Carlos Gutierrez, chairman of the Republicans for Immigration Reform super PAC, was in town on Monday to tout the virtues of immigration reform and to warn about the consequences of failure. To him, the issue is economic, not political. It is also demographic.

Listen to some of the statistics he dished out during a speech sponsored by the Americas Society/Council of the Americas: In order for the country’s population to stay the same, the fertility rate for child-bearing women needs to average 2.1 children. The current U.S. rate is 1.9, meaning the population is declining. A declining population is a declining society, he said. That is unless people come in from somewhere else.

For every 100 farm workers there are 44 additional jobs waiting for U.S. citizens. One quarter of all U.S. corporations were founded by immigrants. Half of new tech start-ups are started by immigrants. One in four doctors are immigrants, as are one in three computer software engineers, one in five post-secondary degrees, and one in four Ph.D.s.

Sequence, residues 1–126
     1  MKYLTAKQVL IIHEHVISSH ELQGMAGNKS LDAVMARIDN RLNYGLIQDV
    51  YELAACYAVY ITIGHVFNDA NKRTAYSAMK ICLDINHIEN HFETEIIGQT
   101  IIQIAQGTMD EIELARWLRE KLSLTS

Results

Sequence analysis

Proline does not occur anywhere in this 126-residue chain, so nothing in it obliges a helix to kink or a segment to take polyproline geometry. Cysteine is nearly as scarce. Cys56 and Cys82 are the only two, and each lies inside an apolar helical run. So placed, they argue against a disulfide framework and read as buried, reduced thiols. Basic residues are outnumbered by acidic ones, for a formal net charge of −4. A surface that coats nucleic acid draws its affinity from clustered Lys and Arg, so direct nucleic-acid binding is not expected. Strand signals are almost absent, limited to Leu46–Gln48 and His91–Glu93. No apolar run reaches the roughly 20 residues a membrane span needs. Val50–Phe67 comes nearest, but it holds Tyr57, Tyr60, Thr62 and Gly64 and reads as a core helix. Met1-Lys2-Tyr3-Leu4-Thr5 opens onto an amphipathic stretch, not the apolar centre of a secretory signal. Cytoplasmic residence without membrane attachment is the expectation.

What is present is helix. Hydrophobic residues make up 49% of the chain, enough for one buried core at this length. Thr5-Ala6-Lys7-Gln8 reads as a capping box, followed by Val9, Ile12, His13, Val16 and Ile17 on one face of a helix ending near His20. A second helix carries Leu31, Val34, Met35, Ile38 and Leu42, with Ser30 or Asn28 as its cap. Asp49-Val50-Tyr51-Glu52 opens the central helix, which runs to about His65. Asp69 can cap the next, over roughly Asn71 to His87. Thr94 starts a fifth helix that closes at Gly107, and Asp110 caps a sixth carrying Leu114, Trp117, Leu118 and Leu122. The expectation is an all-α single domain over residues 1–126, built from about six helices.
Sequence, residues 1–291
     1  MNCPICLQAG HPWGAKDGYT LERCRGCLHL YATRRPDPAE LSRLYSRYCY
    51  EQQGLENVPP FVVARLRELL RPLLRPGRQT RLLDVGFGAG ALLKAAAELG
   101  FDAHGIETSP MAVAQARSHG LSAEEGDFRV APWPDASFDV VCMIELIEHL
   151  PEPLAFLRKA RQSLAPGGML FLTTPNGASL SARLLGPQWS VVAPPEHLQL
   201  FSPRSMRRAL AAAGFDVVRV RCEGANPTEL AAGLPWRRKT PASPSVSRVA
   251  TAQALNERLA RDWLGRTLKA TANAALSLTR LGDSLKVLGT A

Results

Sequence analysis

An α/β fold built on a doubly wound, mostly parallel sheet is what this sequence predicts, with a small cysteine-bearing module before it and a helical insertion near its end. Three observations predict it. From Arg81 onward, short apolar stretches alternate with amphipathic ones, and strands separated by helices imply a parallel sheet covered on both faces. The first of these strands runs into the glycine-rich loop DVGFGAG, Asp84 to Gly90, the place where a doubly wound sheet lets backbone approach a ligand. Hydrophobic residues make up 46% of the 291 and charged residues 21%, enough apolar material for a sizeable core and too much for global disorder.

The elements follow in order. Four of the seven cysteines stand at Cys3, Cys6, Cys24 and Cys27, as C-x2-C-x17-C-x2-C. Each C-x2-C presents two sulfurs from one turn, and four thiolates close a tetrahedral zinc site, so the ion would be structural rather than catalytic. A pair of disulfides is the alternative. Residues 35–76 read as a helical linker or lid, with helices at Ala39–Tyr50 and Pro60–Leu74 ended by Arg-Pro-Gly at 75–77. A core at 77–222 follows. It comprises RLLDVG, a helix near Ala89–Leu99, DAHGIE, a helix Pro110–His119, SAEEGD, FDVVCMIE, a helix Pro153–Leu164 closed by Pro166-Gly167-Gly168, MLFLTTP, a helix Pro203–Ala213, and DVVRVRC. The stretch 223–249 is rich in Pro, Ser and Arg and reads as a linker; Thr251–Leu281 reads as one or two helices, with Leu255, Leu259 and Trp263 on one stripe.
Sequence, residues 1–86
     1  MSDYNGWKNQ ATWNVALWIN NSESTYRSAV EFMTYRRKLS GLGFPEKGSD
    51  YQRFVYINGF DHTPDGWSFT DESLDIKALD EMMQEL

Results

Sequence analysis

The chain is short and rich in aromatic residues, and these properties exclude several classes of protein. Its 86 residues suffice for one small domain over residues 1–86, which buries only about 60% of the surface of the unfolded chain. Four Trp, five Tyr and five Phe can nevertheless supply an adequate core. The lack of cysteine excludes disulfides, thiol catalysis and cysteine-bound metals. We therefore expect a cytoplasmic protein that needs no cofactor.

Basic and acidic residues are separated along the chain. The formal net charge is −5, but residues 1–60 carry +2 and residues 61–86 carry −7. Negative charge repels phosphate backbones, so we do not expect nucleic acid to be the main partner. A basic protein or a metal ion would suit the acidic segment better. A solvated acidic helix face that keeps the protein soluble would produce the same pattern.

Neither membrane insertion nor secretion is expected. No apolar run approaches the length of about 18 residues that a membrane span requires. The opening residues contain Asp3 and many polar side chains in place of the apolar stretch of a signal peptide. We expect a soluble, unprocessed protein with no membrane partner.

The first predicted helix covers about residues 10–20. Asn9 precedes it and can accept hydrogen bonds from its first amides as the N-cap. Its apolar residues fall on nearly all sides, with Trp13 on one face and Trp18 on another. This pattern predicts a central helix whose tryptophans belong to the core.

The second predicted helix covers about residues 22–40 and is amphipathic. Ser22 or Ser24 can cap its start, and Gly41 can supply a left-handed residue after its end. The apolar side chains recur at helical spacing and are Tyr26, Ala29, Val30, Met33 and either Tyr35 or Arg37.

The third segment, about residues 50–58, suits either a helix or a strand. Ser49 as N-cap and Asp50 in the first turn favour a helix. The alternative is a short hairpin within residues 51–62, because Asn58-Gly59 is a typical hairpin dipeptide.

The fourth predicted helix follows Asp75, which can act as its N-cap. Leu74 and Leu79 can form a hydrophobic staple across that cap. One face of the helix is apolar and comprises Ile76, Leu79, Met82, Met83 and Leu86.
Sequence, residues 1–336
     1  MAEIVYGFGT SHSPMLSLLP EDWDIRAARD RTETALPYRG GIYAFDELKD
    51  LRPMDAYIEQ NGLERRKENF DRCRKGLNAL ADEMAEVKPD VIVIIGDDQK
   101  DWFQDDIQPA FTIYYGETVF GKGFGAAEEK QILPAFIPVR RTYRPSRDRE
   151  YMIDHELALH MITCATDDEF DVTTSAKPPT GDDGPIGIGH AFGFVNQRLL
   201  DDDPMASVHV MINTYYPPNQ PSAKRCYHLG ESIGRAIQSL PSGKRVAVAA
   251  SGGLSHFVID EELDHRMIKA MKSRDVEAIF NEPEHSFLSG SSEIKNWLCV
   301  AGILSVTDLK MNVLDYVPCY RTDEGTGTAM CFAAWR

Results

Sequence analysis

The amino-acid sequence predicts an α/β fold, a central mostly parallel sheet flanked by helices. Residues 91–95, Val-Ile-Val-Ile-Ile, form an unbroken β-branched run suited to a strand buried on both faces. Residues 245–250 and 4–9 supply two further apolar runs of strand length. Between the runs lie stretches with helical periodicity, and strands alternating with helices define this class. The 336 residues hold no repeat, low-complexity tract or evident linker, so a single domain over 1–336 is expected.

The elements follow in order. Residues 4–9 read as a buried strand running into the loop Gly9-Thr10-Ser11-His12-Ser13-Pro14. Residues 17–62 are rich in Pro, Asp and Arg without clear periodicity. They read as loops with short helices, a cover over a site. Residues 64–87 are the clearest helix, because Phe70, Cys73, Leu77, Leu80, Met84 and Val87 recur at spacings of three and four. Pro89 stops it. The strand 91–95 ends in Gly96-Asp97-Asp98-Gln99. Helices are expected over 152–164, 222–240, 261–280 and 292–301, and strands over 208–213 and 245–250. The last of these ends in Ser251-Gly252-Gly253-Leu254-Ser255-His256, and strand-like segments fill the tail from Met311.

In the midst of it all, Canada, Australia and New Zealand have quietly updated their immigration laws while U.S. law dates back to the 1950s and 1960s.

“It’s an absolutely necessary thing to do if we are going continue to be the most vibrant economy in the world,” said Gutierrez, who served as secretary of commerce under President George H.W. Bush.

A recently passed Senate bill makes steps in the right direction but could use improvement, he said. One example is hiring caps that are part of the bill. The construction industry can’t hire more than 15,000 workers with temporary visas. In agriculture the cap is 112,000 workers. Both numbers are far too low to reflect what business needs, Guitierrez said.

“So you hire illegally, you don’t build, you don’t grow, you go out of business,” he said.

Nevertheless, Gutierrez remains optimistic that economic realities will trump political expediency. “If we get this right, the 21st century is all about the U.S. and no one is going to catch up,” he said. “If we get this wrong, shame on us.”